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Jornal Brasileiro de Pneumologia

On-line version ISSN 1806-3756

J. bras. pneumol. vol.33 no.6 São Paulo Nov./Dec. 2007

http://dx.doi.org/10.1590/S1806-37132007000600004 

ORIGINAL ARTICLE

 

Immunophenotyping and gene rearrangement analysis in lymphoid/lymphoproliferative disorders of the lungs*

 

 

Camila Cristina IshikawaI; Alexandre Muxfeldt Ab'SaberII; Edwin Roger ParraII; Chin Jia LinII; Carmen Silvia Valente BarbasIII; Vera Luiza CapelozziIV

IPhysician. Faculdade de Medicina da Universidade de São Paulo – FMUSP, University of São Paulo School of Medicine – São Paulo, Brazil
IIProfessor. Faculdade de Medicina da Universidade de São Paulo – FMUSP, University of São Paulo School of Medicine – São Paulo, Brazil
IIIPhD. Faculdade de Medicina da Universidade de São Paulo – FMUSP, University of São Paulo School of Medicine – São Paulo, Brazil
IVAssociate Professor in the Department of Pathology. Faculdade de Medicina da Universidade de São Paulo – FMUSP, University of São Paulo School of Medicine – São Paulo, Brazil

Correspondence to

 

 


ABSTRACT

OBJECTIVE: To determine the usefulness, in routine practice, of using polymerase chain reaction to analyze B and T lymphocyte clonality in pulmonary tissue as a tool for the diagnosis of pulmonary lymphoproliferative disorders.
METHODS: Immunohistochemistry and molecular gene rearrangement analysis were performed in order to assess 8 cases of lymphoid interstitial pneumonia (LIP) and 7 cases of pulmonary lymphoproliferative disorders.
RESULTS: All 8 cases of LIP presented moderate to strong immunostaining for CD3, compared with only 2 cases of lymphoma and 1 case of pseudolymphoma (p = 0.02). Gene rearrangement was detected in 4 of the 8 cases, which changed the diagnosis from LIP to lymphoma, showing the importance of gene rearrangement detection in cases of LIP. In this situation, gene rearrangement using the VH/JH and Vg11/Jg12 primer pairs was detected in 3 cases and 1 case, respectively, and no gene abnormalities were found using the Db1/Jb2 and Vg101/Jg12 primer pairs in any of the cases. A significant positive association was found between the intensity of CD20 and CD68 expression and gene rearrangement using the VH/JH primer pair. Prior to the gene rearrangement, 4 patients with LIP died quickly, whereas only one patient with LIP died after the gene rearrangement.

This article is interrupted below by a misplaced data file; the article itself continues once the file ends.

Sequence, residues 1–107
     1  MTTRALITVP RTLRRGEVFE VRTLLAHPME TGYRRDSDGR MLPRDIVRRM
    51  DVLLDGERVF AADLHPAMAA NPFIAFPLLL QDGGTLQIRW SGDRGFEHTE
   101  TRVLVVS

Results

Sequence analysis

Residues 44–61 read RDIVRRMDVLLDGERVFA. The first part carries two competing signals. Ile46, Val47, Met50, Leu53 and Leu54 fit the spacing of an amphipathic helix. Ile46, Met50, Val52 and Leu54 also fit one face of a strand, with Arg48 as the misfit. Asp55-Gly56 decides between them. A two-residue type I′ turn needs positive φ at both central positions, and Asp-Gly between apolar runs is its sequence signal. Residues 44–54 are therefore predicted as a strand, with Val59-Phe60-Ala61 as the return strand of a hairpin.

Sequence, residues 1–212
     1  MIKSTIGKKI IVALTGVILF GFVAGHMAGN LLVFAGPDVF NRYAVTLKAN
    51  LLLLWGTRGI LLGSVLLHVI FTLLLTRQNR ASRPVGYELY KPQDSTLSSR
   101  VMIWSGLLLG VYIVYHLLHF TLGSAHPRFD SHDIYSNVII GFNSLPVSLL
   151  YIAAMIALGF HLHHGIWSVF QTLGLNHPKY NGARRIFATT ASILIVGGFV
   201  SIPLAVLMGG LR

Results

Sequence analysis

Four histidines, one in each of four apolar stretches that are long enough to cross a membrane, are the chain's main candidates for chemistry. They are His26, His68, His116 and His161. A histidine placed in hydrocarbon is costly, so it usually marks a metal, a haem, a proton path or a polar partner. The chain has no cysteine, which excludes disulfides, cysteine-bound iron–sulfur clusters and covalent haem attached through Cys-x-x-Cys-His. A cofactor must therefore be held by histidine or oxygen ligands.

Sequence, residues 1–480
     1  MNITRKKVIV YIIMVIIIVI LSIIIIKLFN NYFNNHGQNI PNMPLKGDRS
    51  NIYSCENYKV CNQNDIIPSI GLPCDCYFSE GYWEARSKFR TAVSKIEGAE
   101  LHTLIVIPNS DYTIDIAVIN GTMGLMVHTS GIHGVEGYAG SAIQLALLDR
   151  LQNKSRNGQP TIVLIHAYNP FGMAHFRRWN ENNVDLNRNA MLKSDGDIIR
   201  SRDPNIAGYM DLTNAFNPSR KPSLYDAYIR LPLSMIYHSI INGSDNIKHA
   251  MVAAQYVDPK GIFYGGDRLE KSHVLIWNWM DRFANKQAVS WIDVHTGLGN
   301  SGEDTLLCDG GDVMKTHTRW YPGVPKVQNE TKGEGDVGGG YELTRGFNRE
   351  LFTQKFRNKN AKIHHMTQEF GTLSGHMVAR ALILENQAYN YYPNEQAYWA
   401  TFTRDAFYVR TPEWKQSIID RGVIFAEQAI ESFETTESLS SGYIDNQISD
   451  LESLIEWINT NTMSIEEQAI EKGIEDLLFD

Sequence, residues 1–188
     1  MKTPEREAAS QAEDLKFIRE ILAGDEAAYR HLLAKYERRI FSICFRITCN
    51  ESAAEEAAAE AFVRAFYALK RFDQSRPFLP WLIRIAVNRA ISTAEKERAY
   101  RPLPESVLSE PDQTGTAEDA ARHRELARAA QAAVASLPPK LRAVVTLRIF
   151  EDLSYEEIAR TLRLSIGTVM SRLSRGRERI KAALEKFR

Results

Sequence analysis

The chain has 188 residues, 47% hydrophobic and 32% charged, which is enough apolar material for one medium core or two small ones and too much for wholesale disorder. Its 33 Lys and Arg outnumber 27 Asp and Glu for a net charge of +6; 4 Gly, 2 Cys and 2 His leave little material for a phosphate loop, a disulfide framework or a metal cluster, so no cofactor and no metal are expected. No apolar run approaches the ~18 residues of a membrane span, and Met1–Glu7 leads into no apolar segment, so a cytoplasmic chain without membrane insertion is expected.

CONCLUSIONS:
Detection of monoclonal B and T cells by immunophenotyping and polymerase chain reaction had an impact on the diagnosis of pulmonary lymphomas in patients previously diagnosed with LIP. Therefore, immunophenotyping and polymerase chain reaction should be used as 'gold standard' techniques in routine practice.

Keywords: Lymphoma; Lung diseases, interstitial; Molecular biology; Polymerase chain reaction.


 

 

Introduction

Lymphoid interstitial pneumonia (LIP) is a clinicopathologic term that relates histologically to a dense interstitial infiltrate, composed primarily of T cells, plasma cells, and histiocytes, germinal centers often being identified.(1-3) This disease is included in the spectrum of pulmonary lymphoid proliferations, ranging from follicular bronchitis/bronchiolitis and pulmonary lymphoid hyperplasia (proliferations largely limited to the airways) to low-grade malignant lymphoma.(4,5) It appears that LIP sometimes evolves to lymphoma. Although the frequency of such evolution is probably low, it is difficult to assess, since low-grade lymphomas can mimic LIP.(3,4)

The major differential diagnosis of LIP is low-grade lymphoma,(3) which is typically a well-differentiated B-cell tumor that appears to arise from mucosa-associated lymphoid tissue and is the most common histological subtype of pulmonary non-Hodgkin's lymphoma (NHL).(6,7) Drawing the distinction between LIP and low-grade lymphoma can be difficult in routine hematoxylin and eosin (H&E)-stained sections and can require immunohistochemical analyses including CD3, CD20, CD4, CD45RO, CD8, CD15, CD30, and CD68 antibodies,(8,9) as well as molecular gene rearrangement studies using techniques such as polymerase chain reaction (PCR).(10,11)

The development of molecular biology techniques, such as Southern blotting(12) and PCR,(13-15) has provided the abilityto detect monoclonal populations of B and T lymphocytes through the detection of rearrangements of the genes that encodeB-cell immunoglobulin and T-cell receptor (TCR) proteins. This detection hasbeen applied to support the diagnosis of nodal lymphomas,(16,17) as well as extranodal lymphomas such as gastric(18) and pulmonary(19-23) lymphomas.